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Three Common Challenges—and Solutions—for Bone Marrow Transplant Success

CHOC’s Blueprint for Achieving Successful Outcomes for Bone Marrow Transplant Patients

Long-term survivorship and improved quality of life among pediatric cancer patients undergoing bone marrow transplants is routinely threatened by three common challenges that all pediatric oncologists face: cancer relapse, infection and graft versus host disease (GVHD). The oncology team at the Hyundai Cancer Institute at CHOC is overcoming these challenges — and delivering survival outcomes better than the national average.

“What we want for bone marrow transplant patients is for them to go through transplant without getting any infections; to have a small, controlled amount of GVHD; and for their cancer to never return and their immune systems to work fine,” says Dr. Rishikesh Chavan, pediatric oncologist at CHOC. “That would be the best-case scenario, and our team at CHOC is constantly optimizing to that.”

Dr. Chavan says this best-case scenario can be difficult to achieve because of common challenges associated with bone marrow transplants: infections, GVHD and relapse. CHOC is innovating better solutions to defeat these challenges:

  1. Preventing infections: CHOC has a robust program that covers infection prevention, infection surveillance, and timely and appropriate treatment of infections if they arise. “Post-transplant, families receive a dedicated callback number and prompt follow-up to answer their questions and triage them appropriately,” says Dr. Chavan. “If a complication occurs such as fever, patients are seen within 15 minutes of arriving to our ED and their first dose of antibiotics is administered within 60 minutes of their ED visit.” CHOC routinely monitors for infections and underlying immune status, including surveillance labs to check for viral and fungal infections. There is also a keen focus on ensuring all post-transplant patients are re-immunized to prevent infections. With the COVID-19 pandemic, telehealth checks are frequently held to see how the patient is doing and avoid unnecessary hospital visits.
  2. Preventing GVHD: “A little bit of GVHD is not bad, because it tells us the new immune system from the donor is functional and responding,” Dr. Chavan says. “In fact, patients who have Grade I GVHD have better long-term survival outcomes than patients who have no GVHD at all.” Based on the use of post-transplant cyclophosphamide, CHOC has been successful in preventing GVHD in most patients despite having more mismatched/haplo transplants. To manage more serious grades of GVHD, Dr. Chavan is starting a new clinical approach at CHOC dedicated to treating GVHD. “The clinic will utilize our tumor board team-based approach for quickly recognizing GVHD based on clinical as well as laboratory data and using that information to match patients to appropriate GVHD treatments,” he says. “This design will allow us to review what is working, what isn’t and switch treatments quickly, if needed, to help patients get better. Having this ability at our clinic to respond quickly and offer very personalized treatments is the future solution to managing GVHD.”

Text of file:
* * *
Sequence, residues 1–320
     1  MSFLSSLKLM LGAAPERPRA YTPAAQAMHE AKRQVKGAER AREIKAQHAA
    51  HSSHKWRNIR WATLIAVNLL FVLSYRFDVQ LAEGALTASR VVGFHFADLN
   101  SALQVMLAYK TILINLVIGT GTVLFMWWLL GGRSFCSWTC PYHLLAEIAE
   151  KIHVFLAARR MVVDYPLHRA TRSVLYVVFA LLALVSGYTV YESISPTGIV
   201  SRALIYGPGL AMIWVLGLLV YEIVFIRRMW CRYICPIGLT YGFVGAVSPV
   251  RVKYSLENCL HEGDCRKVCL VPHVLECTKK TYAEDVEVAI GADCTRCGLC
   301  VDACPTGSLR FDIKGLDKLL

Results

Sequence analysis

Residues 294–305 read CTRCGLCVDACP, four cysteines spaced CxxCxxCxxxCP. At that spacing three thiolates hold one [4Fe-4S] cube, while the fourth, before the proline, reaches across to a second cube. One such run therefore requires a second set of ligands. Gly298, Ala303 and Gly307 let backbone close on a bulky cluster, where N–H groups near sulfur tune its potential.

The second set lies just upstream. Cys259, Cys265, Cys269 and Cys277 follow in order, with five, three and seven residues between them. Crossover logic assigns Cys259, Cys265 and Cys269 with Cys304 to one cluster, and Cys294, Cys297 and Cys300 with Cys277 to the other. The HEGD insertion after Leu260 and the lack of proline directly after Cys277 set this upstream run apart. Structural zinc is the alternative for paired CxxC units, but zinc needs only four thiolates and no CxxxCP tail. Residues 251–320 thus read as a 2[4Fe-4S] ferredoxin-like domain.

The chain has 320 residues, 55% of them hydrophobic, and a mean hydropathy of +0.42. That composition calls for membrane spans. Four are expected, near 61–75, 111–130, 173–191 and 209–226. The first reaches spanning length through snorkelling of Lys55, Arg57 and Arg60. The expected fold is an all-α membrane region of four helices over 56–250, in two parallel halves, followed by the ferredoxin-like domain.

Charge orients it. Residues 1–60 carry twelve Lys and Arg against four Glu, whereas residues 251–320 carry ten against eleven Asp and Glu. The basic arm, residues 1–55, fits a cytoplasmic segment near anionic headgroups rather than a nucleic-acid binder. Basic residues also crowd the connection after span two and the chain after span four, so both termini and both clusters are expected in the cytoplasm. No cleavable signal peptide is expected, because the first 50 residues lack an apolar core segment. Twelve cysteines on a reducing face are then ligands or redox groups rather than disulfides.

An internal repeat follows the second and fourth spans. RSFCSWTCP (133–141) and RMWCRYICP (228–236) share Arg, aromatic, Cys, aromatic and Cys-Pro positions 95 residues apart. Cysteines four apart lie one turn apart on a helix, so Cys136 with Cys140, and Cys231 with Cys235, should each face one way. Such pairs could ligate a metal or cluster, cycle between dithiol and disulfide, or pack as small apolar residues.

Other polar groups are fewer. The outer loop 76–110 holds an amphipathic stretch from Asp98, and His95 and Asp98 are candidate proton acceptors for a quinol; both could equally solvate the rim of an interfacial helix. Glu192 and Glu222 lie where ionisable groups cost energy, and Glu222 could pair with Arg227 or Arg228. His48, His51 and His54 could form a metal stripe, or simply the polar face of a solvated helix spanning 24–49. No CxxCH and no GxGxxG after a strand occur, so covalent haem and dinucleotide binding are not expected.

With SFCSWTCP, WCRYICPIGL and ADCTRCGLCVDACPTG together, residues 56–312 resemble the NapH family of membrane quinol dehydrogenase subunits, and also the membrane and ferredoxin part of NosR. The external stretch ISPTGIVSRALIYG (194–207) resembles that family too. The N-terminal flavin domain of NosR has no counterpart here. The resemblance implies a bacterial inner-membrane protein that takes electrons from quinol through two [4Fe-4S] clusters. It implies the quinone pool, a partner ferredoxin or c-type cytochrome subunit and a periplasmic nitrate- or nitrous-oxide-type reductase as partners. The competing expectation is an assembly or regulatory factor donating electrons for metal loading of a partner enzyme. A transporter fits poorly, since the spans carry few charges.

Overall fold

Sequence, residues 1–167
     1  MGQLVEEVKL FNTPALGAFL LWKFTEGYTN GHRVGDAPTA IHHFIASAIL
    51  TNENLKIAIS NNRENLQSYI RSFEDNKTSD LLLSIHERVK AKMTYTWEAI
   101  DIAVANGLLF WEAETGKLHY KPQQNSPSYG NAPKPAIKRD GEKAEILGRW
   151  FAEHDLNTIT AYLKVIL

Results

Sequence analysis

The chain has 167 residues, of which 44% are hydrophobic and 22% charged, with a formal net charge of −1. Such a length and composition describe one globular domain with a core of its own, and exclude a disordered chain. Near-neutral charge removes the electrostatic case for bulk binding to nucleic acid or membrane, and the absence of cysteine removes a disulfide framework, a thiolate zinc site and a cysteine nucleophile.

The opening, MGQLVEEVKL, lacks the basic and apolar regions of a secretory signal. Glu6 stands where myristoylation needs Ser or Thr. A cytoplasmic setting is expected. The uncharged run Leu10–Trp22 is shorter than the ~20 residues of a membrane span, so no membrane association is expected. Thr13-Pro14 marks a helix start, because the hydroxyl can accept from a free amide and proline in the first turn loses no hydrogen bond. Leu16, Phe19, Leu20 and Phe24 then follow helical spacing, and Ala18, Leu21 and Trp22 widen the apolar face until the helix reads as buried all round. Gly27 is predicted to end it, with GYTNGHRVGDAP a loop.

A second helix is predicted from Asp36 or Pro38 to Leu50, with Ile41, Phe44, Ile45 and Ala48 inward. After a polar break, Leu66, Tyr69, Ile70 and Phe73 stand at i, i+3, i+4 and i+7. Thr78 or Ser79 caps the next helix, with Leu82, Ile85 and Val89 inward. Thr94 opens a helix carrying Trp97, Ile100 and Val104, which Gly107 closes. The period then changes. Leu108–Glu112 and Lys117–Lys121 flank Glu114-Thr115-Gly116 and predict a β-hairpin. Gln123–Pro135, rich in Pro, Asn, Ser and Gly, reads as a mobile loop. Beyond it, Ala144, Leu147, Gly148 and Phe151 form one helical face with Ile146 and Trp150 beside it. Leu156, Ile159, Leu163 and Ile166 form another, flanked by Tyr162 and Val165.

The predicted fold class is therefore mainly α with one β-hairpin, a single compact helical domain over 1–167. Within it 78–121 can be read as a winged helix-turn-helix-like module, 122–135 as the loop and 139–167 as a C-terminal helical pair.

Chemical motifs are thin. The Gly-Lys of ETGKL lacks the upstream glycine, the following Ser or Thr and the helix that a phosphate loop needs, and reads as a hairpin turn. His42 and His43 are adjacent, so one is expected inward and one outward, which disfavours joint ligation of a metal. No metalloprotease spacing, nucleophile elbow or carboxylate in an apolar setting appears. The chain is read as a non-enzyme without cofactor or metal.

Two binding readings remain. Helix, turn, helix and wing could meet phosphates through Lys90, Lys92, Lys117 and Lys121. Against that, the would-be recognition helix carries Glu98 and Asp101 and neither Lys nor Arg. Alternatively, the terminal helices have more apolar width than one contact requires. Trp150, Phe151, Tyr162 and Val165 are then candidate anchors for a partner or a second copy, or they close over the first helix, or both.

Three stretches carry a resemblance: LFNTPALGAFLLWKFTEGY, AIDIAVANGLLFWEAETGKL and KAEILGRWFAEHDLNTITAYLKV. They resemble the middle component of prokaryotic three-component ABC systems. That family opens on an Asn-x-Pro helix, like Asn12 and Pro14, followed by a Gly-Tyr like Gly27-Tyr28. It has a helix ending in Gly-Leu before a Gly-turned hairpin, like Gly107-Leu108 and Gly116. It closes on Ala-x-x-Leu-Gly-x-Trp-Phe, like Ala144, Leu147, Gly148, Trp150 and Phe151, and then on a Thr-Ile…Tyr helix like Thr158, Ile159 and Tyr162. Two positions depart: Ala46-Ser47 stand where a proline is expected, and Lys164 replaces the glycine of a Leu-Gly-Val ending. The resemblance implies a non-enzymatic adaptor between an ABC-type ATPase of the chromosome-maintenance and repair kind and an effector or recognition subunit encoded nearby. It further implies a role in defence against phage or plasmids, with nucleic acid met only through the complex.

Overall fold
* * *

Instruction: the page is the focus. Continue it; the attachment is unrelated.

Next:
3. Preventing relapse: Patients’ bone marrow is checked for engraftment studies and minimal residual disease after transplant through monthly marrows, which is essentially surveillance for relapse. If a patient is likely to relapse because they are at a higher risk of leukemia to begin with or based on their surveillance marrows, they receive donor lymphocyte infusions to support their immature immune system as well as other regimens to prevent or treat relapse. Dr. Chavan is also involved in research projects to study and mitigate potential factors that affect relapse in leukemia patients undergoing stem cell transplant and cellular therapy with a focus on regulatory T lymphocytes.

For proof that CHOC’s efforts in preventing GVHD, infections and relapse is working, bolstered by both algorithm-influenced care and a concierge-medicine approach, Dr. Chavan references patient survival outcomes from 2018 and 2019 in reports by the Center for International Blood & Marrow Transplant Research (CIBMTR). Results showed CHOC well above the national average for survival outcomes and higher than most of its cohort of transplant programs.

“A great team consists of a group of kind-hearted people who can not only detect and treat complications but also anticipate potential problems and try to prevent them, and that’s what we have here at CHOC,” Dr. Chavan says.

Our Care and Commitment to Children Has Been Recognized

CHOC Hospital was named one of the nation’s best children’s hospitals by U.S. News & World Report in its 2020-21 Best Children’s Hospitals rankings and ranked in the cancer specialty.

Learn how CHOC’s pediatric oncology treatments, expertise and support programs preserve childhood for children in Orange County, Calif., and beyond.